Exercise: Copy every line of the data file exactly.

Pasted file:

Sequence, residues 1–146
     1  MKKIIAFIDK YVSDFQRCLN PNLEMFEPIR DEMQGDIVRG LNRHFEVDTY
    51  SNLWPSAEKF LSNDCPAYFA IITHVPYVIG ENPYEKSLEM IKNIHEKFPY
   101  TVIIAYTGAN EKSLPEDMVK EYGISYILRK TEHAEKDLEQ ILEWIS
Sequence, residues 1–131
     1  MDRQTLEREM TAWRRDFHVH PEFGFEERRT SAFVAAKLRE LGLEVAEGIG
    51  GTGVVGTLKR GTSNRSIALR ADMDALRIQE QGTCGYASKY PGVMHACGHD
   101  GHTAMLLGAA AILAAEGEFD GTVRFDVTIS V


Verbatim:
Sequence, residues 1–146
     1  MKKIIAFIDK YVSDFQRCLN PNLEMFEPIR DEMQGDIVRG LNRHFEVDTY
    51  SNLWPSAEKF LSNDCPAYFA IITHVPYVIG ENPYEKSLEM IKNIHEKFPY
   101  TVIIAYTGAN EKSLPEDMVK EYGISYILRK TEHAEKDLEQ ILEWIS
Sequence, residues 1–131
     1  MDRQTLEREM TAWRRDFHVH PEFGFEERRT SAFVAAKLRE LGLEVAEGIG
    51  GTGVVGTLKR GTSNRSIALR ADMDALRIQE QGTCGYASKY PGVMHACGHD
   101  GHTAMLLGAA AILAAEGEFD GTVRFDVTIS V